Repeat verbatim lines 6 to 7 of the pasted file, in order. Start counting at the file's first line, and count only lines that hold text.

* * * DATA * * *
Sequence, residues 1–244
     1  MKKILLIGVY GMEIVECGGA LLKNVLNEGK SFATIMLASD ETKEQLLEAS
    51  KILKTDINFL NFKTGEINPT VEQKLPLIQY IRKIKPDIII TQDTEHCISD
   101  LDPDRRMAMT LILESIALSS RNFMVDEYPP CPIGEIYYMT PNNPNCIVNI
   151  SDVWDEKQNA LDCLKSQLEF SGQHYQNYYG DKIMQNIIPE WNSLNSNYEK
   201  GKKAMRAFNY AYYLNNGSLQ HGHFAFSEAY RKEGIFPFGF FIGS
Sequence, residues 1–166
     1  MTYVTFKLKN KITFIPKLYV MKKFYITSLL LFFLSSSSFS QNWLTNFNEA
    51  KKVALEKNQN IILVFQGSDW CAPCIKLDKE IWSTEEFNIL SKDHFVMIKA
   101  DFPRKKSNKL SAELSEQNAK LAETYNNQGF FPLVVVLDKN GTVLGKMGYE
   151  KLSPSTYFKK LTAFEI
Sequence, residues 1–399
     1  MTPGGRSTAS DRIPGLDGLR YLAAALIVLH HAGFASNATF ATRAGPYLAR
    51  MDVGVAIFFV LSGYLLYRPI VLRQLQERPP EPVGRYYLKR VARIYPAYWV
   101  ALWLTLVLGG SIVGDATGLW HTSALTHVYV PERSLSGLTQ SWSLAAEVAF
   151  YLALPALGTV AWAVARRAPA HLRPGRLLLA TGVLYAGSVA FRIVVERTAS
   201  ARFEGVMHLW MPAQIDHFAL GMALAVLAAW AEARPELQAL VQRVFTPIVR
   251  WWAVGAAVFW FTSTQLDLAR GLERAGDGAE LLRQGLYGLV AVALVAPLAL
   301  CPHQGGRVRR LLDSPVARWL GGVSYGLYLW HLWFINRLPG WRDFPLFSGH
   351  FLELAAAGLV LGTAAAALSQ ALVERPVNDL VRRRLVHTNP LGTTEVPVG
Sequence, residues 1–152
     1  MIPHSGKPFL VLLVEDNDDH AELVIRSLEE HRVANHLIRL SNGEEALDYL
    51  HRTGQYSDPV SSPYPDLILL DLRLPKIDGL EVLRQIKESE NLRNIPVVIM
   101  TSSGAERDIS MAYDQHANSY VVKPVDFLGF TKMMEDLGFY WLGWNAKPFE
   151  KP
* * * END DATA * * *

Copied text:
   201  GKKAMRAFNY AYYLNNGSLQ HGHFAFSEAY RKEGIFPFGF FIGS
Sequence, residues 1–166